Provision a new server in minutes or seconds. Deliver working software every two weeks. Deliver continuously.
While techniques like CI/CD and Agile allow us to experiment and deliver software more rapidly (and think in shorter increments of time), those tools are only useful when guided by a long-term technology strategy designed to produce optionality and allow for evolution.
As architects, our “right now” is often quite long, covering the span of months or even years. So how do we sensitize ourselves to the information coming in from the frontlines and from technologists with a potentially much shorter “right now” of maybe hours or days (e.g., help desk workers, tier-one operators, and junior developers)? How can we train our ears to recognize different time spans and translate those (sometimes noisy) stories into valuable information that informs the architecture and design of our software systems?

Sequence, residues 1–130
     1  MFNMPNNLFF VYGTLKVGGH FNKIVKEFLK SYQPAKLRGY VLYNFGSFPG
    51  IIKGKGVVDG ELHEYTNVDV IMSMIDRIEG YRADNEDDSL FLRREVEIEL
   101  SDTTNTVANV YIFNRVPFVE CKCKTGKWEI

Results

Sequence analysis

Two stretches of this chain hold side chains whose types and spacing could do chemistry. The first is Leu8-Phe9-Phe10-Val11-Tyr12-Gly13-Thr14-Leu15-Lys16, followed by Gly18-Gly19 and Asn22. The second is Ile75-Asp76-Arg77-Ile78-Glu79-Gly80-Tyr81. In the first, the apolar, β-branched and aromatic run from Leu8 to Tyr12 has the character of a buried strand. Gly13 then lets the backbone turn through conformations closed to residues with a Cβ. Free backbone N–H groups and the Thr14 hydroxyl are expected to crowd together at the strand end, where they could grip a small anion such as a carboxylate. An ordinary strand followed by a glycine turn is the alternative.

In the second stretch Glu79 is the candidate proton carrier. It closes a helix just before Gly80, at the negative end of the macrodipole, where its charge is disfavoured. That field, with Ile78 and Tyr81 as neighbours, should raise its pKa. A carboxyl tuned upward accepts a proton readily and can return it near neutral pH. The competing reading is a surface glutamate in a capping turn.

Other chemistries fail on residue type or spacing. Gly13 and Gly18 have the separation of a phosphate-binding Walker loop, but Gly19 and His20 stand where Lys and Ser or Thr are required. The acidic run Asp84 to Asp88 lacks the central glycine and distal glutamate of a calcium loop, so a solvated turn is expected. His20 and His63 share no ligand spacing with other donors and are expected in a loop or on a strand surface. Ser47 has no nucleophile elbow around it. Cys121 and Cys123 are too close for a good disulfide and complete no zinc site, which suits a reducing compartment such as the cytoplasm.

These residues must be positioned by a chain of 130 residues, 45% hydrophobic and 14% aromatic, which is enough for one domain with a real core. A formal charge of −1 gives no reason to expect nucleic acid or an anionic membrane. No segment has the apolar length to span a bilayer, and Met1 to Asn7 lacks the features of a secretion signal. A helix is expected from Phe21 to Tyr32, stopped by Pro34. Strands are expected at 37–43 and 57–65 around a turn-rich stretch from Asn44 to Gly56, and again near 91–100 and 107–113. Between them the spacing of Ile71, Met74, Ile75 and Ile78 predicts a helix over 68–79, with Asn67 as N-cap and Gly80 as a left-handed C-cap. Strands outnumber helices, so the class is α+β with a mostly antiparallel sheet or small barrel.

Cat Swetel reviews research on workers’ time spans, then shares observations on how workers’ concepts of the present are changing as software architectures and software development methodologies evolve. Cat concludes by examining these trends in terms of their impact on the way we architect and experience sociotechnical systems.
Cat Swetel is a technology leader specializing in Lean-inspired, data-informed coaching for technology organizations. She’s passionate about increasing diversity in STEAM as a means of creating possibilities for a more equitable human future based on generative institutions. In her leisure time, Cat enjoys making jokes about Bitcoin, hiking, and reading feminist literature.
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